Knee and Leg Surgery

Injuries and Treatment

The knee joint is formed where the thigh bone (femur) articulates with the leg bones (tibia and fibula). The kneecap (patella) glides along a groove in the thigh bone, making up the patellofemoral articulation.

In addition to the muscles surrounding it, the knee is stabilized by four major ligaments. The two cruciate ligaments (ACL and PCL), which sit inside the joint, provide rotational and front-to-back (anterior-posterior) stability while the two collateral ligaments (MCL and LCL), on the sides of the joint, offer side-to-side stability.

The knees have specialized structures called the medial meniscus and lateral meniscus which serve as ‘shock absorbers’ helping to protect the delicate articular cartilage on each side of the joint. Articular cartilage is a unique collection of cells on the bone surfaces that allow the bones to glide smoothly within a joint; it is the main structure involved in arthritis and degenerative changes (wear and tear) in the knee.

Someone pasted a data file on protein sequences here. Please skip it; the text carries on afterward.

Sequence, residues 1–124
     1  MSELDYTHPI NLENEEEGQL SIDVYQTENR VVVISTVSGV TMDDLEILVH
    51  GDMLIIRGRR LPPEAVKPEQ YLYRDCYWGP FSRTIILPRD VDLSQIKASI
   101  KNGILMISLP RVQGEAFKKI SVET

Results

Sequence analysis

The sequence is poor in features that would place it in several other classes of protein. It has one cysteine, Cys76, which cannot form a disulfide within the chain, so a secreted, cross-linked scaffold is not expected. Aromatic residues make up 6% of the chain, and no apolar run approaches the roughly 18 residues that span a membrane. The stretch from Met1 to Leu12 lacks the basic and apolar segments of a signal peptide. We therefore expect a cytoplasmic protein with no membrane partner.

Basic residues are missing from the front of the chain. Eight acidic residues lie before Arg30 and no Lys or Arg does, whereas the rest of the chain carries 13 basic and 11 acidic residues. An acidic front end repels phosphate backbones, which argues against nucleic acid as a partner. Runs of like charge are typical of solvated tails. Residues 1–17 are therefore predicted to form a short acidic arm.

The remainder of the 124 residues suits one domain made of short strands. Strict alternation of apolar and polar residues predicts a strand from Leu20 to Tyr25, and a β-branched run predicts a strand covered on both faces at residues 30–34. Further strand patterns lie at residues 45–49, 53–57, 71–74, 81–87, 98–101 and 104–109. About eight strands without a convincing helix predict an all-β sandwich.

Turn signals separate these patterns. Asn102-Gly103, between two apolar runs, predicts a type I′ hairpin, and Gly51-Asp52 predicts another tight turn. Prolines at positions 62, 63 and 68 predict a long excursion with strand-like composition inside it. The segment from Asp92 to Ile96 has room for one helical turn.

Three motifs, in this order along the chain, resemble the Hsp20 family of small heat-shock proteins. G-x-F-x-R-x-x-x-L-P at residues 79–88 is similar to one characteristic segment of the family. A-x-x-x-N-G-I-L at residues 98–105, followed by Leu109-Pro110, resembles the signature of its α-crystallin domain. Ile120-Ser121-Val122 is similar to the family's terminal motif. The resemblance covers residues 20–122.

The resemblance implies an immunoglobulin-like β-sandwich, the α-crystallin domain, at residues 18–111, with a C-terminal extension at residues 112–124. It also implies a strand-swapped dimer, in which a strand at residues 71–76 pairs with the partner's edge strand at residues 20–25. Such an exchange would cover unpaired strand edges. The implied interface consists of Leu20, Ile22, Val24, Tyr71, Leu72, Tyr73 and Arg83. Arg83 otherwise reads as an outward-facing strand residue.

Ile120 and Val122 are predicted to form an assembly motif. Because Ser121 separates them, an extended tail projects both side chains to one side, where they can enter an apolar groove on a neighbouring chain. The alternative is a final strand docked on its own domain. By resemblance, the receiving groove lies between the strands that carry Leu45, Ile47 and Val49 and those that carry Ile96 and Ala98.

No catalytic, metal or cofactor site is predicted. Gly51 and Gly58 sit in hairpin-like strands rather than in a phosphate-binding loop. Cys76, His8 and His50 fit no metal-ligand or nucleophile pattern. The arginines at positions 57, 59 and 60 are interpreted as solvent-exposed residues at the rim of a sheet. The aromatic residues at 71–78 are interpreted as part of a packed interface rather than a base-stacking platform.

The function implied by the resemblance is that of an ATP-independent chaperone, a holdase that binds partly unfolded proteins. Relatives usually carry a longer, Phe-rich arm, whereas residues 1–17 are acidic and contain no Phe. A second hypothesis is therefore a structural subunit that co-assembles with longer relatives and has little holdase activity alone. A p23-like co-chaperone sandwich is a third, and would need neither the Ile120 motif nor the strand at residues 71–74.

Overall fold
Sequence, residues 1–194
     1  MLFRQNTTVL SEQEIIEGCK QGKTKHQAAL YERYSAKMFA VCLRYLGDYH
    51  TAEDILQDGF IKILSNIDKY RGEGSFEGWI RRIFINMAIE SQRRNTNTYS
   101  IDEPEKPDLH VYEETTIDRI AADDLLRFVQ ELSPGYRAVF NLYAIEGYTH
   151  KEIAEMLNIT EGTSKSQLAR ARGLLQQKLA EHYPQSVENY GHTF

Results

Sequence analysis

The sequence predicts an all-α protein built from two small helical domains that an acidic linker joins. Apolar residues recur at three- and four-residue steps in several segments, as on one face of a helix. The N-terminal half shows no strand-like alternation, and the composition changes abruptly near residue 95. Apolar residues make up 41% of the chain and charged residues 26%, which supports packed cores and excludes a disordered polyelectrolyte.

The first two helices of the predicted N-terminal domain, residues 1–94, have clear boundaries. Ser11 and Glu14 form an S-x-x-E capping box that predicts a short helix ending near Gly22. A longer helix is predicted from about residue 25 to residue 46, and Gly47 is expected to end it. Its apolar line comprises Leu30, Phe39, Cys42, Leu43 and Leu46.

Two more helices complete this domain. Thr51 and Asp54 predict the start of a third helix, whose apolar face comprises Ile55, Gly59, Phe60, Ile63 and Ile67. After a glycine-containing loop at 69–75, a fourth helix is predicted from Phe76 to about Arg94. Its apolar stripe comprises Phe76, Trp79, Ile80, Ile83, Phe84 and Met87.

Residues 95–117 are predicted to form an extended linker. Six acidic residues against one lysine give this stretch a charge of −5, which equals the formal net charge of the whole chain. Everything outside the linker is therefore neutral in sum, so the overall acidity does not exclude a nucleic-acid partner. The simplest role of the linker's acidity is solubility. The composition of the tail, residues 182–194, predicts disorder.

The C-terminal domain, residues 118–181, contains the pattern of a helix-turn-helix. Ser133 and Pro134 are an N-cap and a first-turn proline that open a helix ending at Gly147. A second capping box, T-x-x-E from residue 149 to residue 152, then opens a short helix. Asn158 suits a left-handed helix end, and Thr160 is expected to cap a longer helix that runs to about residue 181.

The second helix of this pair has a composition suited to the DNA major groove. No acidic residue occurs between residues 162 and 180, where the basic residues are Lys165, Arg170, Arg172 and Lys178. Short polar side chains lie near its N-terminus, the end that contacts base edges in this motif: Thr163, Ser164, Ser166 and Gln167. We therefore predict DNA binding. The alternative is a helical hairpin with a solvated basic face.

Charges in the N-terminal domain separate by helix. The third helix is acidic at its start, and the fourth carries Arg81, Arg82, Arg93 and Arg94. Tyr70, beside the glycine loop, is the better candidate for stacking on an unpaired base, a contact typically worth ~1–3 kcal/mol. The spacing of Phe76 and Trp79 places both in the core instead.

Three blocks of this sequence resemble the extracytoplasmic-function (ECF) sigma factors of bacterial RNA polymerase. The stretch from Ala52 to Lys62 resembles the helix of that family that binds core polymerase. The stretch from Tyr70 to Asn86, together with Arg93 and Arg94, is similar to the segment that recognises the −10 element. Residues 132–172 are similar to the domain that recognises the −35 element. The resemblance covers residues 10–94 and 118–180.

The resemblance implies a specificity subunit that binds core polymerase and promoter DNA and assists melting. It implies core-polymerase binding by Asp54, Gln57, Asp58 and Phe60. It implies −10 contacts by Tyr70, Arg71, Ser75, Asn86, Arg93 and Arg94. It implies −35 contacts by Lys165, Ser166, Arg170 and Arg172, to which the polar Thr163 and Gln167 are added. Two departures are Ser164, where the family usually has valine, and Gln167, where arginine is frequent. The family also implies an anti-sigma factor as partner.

All the components of the knee have the potential to generate pain. Your orthopedic surgeon will take a thorough medical history, perform a physical exam, and review the appropriate imaging studies to help determine the main source(s) of pain. From there, treatment options can be discussed. Surgical and non-surgical treatments can be handled by Dr. Kasraeian and the Jacksonville Knee Surgery and St. Augustine Knee Surgery specialists at Orthopaedic Associates of St. Augustine.

The following links are provided to help you gather information you may need or want to discuss your treatment options more fully with Dr. Kasraeian.

Knee & Leg AAOS Links


Tears and Instability


Pain Syndromes


Joint Replacement

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